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Terfel achieves Wagnerian heights

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And both found superb vocal embodiment in Bryn Terfel, the towering patriarch of bass-baritones who spanned Wagnerian heights and demonic depths with a deep-grained voice of subtle hues and craggy thunder. He explored the ruminative inner questioning of Hans Sachs’ Act II aria from Wagner’s The Mastersingers with conversational nuance, and found complexity in Wotan’s stirring entry into Valhalla from Das Rheingold where doubt is kindled at the moment of triumph.

The concert’s highpoints were Wotan’s Farewell from Die Walkure, where Terfel mixed deep personal defeat and world-shattering tumult, and, in its different way, If I Were a Rich Man where, with variegated inflection, he recast Tevye’s self-mocking humour as courage in the face of oppression.

Harpist Hannah Stone captured delicacy in Debussy’s Danses: Dance Sacree et Danse Profane and cross-cutting rhythmic vitality in the third movement of the harp concerto by fellow Welsh musician, William Mathias. Conductor Gareth Jones accompanied with Opera Victoria well though was under-energised in orchestral numbers.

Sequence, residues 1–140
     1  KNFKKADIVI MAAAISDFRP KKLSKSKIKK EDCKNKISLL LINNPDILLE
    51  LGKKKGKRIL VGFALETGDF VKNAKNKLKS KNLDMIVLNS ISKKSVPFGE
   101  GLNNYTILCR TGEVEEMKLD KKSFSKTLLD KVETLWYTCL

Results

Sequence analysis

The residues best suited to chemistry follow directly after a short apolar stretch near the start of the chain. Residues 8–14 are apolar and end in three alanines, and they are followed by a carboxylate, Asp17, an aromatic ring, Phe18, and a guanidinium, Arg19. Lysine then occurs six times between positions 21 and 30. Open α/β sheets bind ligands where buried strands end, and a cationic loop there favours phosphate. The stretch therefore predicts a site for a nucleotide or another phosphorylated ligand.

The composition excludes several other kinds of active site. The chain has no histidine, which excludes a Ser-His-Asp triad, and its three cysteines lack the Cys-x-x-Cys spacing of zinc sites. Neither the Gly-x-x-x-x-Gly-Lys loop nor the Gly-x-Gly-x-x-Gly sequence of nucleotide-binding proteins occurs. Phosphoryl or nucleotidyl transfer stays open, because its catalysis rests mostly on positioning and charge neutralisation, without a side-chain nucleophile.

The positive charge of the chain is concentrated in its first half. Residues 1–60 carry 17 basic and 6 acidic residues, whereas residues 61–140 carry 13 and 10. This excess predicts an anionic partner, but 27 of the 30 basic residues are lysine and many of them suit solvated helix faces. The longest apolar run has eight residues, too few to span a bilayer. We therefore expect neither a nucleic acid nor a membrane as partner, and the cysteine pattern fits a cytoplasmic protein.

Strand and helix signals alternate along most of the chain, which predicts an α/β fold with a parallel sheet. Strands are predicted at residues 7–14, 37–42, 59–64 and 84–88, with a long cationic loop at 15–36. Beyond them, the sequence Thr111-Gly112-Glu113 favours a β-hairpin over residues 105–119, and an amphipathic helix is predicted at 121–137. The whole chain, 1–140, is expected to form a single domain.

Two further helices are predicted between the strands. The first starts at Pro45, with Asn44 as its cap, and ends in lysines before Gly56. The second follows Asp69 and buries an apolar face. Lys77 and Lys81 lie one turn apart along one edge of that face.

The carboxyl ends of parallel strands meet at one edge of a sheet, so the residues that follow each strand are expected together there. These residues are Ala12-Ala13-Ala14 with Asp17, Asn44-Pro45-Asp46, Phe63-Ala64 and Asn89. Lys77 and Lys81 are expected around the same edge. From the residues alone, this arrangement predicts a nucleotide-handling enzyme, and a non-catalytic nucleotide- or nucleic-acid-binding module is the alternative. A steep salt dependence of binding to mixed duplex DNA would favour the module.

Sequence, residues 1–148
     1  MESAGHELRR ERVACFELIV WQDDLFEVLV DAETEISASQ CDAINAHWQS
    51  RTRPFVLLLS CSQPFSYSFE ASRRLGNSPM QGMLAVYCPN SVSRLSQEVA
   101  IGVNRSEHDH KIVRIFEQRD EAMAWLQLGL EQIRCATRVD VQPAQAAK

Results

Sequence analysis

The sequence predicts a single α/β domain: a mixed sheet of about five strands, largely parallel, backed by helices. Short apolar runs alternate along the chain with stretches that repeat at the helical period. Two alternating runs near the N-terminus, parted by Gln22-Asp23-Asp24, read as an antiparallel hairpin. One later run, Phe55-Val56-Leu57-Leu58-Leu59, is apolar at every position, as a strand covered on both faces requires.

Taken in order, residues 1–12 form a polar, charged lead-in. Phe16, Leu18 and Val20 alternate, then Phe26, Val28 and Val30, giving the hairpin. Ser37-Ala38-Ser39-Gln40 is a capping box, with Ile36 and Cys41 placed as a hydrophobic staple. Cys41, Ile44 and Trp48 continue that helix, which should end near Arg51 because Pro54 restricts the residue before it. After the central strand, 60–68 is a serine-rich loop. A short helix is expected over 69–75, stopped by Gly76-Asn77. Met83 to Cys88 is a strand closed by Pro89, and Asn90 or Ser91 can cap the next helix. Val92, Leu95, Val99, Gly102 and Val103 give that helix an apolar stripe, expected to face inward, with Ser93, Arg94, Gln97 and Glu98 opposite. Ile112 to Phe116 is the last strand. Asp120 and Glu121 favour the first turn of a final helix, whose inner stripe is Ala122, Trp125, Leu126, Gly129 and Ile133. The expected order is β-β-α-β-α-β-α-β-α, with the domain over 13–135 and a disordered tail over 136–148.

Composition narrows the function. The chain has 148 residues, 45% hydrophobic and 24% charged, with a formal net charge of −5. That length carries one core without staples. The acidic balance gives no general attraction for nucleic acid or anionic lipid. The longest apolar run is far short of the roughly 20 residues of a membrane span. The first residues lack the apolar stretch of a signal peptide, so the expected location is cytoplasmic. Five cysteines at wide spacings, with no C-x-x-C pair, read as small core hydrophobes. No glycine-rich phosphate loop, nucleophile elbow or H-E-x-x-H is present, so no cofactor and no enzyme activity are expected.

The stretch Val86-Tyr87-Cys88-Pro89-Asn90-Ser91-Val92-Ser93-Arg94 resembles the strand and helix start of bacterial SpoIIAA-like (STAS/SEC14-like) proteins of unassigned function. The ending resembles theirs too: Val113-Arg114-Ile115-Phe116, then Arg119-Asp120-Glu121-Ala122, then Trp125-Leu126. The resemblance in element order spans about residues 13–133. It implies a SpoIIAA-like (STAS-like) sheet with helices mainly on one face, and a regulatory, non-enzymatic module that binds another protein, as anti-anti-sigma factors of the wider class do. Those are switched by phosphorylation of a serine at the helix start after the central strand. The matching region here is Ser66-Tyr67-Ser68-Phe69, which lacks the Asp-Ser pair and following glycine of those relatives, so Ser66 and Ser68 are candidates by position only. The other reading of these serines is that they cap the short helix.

On Friday Uzbekistan-born pianist, Behzod Abduraimov made a welcome return in Tchaikovsky’s Piano Concerto No. 1 in B flat minor, for the SSO’s Russian Gala. His playing had resplendently rich and full-bodied tone and stormy energised bravura in big moments, refined melodic sense and calibrated shades in quiet sections, and a fine sense of rhythm and gesture. French conductor Lionel Bringuier was a sensitive partner during the concerto and led an invigorated reading by the SSO of Rachmaninoff’s Symphony No. 2 in E minor, with woodwind and horn solos of richly-coloured clarity.

For much of his life, Johannes Brahms seemed to imagine Hungarian Gypsies had more fun. The Skride Piano Quartet concluded the second concert of their first tour for Musica Viva with his Piano Quartet in G minor, Opus 25, playing the Gypsy Rondo finale with roistering vitality. Pianist Lauma Skride displayed quicksilver brilliance, and the strings played with comparable energy, albeit less resolved intonation.

Beethoven’s youthful Piano Quartet in E flat, WoO 36 also places the weight on the pianist who led with nimble lightness. Graeme Koehne’s new work Socrates’ Garden drew its inspiration from Breenhold Gardens at Mount Wilson and featured a recurring melody of quiet sentiment embellished by discreet birdsong.



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